It was all masked off at the time of wet sanding, with the masking tape coated pretty heavily in shellac and lacquer. I think I disturbed the edge of the tape while wet sanding, and created my leak paths.

    It looks pretty shoddy now. But, I can see after 1 coat of lacquer, it is starting to heal up.

    This little hiccup will delay the build a bit...I fear that I will now have to plan a first birthday party.
     
  12. Jupiter

    Jupiter Telefied Ad Free Member

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    One thing to consider if you really like MicroMesh, is that I think you can buy it without the foam backing--just the cloth. Then you could use alcohol or whatever.
     
  13. barbrainy

    barbrainy RIP

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    That's what I have. I have not had first hand experience with the foam backed stuff.
     
  14. DrASATele

    DrASATele Poster Extraordinaire

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    Dude, so sorry for your issues. It will get back to fantastic in short order just be patient.
     
  15. MM73

    MM73 Tele-Afflicted

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    Micro Mesh Stuff

    If what I read is correct, the mesh without foam backing is Micro Mesh MX series? The literature I found states that it is compatible with water, oils, and solvents, as you mentioned.
    One slight downside, though, is that it does not have an equivalent to the 12,000 regular series pad. I know, nitpicking now.

    View attachment Micromesh Comparison 15Jan2016.pdf

    If either of you are using something different than MX, please let me know...I'd definitely be interested!

    The literature also confirms that the foam/cloth backed Regular Series Micro Mesh IS NOT compatible with alcohol (as suspected).

    View attachment Micro Mesh Compatibility 15Jan2016.pdf

    Hello Doc
    My water fiasco really took the wind out of my sails. After letting it sit for a bit to thoroughly dry out, I found more cracks on the back side at the ferrules.
    I was hoping the damaged areas would sit back down after drying and not crack - no luck.
    Since I'm unsure if I will wet sand again with water, I opted to just re-hang the guitar and re-spray the front and back to lacquer over the control cavities.

    The cracks are healed, but the scars remain. I'll post pics later.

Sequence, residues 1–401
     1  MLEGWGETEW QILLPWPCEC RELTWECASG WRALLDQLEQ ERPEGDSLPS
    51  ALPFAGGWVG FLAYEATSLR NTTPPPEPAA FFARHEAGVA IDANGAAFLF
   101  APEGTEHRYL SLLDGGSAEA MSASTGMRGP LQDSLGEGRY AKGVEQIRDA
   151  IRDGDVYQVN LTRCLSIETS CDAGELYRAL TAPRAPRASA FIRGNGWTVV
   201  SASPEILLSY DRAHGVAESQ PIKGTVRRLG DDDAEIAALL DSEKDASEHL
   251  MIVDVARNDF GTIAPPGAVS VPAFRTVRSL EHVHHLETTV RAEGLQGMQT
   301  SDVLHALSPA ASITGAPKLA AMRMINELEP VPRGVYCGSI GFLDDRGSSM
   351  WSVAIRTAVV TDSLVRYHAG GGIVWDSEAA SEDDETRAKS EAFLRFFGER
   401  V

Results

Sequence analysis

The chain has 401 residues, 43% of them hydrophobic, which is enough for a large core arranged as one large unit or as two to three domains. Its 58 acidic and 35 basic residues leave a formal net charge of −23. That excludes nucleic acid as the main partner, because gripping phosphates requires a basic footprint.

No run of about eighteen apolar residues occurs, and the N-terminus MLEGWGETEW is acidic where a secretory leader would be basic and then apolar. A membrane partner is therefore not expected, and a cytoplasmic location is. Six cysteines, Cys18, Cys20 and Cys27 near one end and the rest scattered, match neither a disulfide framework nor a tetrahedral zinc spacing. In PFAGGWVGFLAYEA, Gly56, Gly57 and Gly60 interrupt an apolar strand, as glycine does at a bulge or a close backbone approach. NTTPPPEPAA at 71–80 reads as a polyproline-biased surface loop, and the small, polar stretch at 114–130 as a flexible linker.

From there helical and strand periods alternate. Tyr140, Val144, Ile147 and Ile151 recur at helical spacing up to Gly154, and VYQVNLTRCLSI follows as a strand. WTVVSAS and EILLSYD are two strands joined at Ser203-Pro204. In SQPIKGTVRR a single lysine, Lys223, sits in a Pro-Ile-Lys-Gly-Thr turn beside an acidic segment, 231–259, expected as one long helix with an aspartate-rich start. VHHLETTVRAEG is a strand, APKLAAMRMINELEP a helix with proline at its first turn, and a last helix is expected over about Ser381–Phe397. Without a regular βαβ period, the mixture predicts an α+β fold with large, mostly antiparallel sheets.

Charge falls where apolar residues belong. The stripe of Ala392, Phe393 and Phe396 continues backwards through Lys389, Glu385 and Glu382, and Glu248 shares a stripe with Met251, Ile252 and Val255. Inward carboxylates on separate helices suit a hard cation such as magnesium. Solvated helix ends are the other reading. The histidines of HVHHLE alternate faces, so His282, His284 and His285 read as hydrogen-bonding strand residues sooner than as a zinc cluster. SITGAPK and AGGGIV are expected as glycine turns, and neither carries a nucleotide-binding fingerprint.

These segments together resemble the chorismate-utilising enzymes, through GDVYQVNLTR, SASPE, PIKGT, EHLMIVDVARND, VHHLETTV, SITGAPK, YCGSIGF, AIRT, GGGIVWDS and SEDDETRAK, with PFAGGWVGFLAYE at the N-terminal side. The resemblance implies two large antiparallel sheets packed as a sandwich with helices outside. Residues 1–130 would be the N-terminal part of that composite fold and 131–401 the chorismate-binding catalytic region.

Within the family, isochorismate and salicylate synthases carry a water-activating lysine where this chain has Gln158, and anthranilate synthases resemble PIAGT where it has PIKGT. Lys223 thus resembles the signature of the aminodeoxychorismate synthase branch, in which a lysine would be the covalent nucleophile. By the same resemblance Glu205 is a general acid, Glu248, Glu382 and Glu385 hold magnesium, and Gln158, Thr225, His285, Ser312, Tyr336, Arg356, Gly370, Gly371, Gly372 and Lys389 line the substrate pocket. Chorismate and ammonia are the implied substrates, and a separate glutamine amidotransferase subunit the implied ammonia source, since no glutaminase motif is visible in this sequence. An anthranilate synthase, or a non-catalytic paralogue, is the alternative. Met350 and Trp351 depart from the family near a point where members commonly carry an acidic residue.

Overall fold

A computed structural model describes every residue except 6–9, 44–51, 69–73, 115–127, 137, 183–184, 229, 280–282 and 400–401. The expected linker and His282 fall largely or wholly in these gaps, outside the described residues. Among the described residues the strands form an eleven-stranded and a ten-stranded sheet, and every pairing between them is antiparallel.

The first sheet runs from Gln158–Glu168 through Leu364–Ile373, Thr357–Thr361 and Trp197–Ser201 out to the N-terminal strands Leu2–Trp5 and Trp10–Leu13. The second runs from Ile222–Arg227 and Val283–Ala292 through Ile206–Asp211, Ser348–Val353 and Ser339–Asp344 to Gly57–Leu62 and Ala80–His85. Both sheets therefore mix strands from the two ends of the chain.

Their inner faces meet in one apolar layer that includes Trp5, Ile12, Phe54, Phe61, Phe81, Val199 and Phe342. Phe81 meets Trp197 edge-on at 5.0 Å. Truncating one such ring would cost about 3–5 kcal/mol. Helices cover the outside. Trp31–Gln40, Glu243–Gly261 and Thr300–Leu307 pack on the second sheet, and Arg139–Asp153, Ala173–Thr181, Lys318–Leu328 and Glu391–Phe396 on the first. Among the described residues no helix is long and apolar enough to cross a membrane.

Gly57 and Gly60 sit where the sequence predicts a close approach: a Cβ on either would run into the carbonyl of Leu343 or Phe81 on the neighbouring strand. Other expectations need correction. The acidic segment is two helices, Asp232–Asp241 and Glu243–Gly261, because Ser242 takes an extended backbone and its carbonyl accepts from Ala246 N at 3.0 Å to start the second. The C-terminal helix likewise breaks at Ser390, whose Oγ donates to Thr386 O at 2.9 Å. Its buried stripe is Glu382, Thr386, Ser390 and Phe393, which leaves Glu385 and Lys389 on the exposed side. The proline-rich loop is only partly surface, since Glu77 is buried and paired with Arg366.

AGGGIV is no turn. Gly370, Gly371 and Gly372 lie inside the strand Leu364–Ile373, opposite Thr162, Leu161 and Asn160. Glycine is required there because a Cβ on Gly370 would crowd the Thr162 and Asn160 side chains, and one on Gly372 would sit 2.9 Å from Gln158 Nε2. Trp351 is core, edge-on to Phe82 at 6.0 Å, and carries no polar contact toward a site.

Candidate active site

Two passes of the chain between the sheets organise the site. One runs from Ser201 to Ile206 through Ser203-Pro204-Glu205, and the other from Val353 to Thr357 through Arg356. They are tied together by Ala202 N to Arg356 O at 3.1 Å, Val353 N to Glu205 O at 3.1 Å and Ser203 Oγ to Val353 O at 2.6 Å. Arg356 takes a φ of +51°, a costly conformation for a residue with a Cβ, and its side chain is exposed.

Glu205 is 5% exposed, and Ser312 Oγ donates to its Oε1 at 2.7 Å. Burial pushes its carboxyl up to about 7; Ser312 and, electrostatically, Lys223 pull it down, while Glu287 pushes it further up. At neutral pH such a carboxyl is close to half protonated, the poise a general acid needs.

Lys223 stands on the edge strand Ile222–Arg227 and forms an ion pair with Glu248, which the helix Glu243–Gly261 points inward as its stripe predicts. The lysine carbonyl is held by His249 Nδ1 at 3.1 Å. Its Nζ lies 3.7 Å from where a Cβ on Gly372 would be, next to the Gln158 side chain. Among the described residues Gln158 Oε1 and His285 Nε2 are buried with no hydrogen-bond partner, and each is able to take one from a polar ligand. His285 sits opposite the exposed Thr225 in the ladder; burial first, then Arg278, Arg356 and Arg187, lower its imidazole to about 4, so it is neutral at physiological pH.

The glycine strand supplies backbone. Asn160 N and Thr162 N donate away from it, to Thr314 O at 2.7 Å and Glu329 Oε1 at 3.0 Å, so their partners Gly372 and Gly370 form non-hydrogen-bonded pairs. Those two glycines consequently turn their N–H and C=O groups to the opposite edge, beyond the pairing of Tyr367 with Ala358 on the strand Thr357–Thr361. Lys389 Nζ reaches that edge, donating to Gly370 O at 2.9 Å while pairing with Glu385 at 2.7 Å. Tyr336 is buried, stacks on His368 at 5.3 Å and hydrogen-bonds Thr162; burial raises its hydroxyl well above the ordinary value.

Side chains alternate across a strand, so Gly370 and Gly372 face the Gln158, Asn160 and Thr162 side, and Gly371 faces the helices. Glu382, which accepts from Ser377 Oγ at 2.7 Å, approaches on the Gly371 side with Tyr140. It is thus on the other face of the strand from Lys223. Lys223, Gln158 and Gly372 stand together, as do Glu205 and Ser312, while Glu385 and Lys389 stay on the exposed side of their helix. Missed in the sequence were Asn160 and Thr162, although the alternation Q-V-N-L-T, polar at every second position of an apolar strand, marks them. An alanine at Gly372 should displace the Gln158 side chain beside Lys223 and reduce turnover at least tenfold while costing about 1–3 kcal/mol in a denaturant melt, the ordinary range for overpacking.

I think to really fix it, I'd have to sand back to bare wood and re-level that surface.
    Not going to go there!
    I'm still lucky, the scars will be visible on the back, but the front will only have one scar visible - just peeking out past the edge of the bridge.

    Now I sit and wait for the 2 re-coats of lacquer to cure.
    At least I'm getting some time to practice playing again! :lol:
     
  16. barbrainy

    barbrainy RIP

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  17. MM73

    MM73 Tele-Afflicted

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    Aha - just had a moment of clarity.

    What you linked to is what I have. Its cloth backed, but has some thickness...so I called it foam backing.

    ...my literature shows its not compatible with anything but water and dish soap.

    Out of curiosity, I looked up the MX series. At $52 USD for the cheapest kit I could find, I think I'll stick with the regular.
    Its made for sanding metal. Despite having some finer "grits", probably nothing I want to drag across lacquer.

    I may shoot a couple more coats of lacquer over the exposed wood, then tread carefully and sparingly with hot water.

    Thanks for the info!
     
  18. barbrainy

    barbrainy RIP

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    Ah, then maybe I'm also confused. When you lot were talking about foam backed, I thought you meant this type of thing:

    http://www.ebay.co.uk/ulk/itm/141877236477

    I've always considered my stuff to just be cloth backed.
     
  19. MM73

    MM73 Tele-Afflicted

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    ack.jpg

    ...not another Micro Mesh!!!

    ...all I wanna do is get this thing bolted together and see what I've got!

    I promise, whatever I get after the next wet sanding is what I'm going to live with. I've reached the end of my rope with finish work!!!
     
  20. barbrainy

    barbrainy RIP

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    Heh heh. If you come over to the Side of Satin, you'll find finishing so much less stressful.


    Also, whilst one shouldn't confuse the Side of Satin with the Side of Satan, you may wish to consider selling your soul to him in return for ungodly finishing skillz.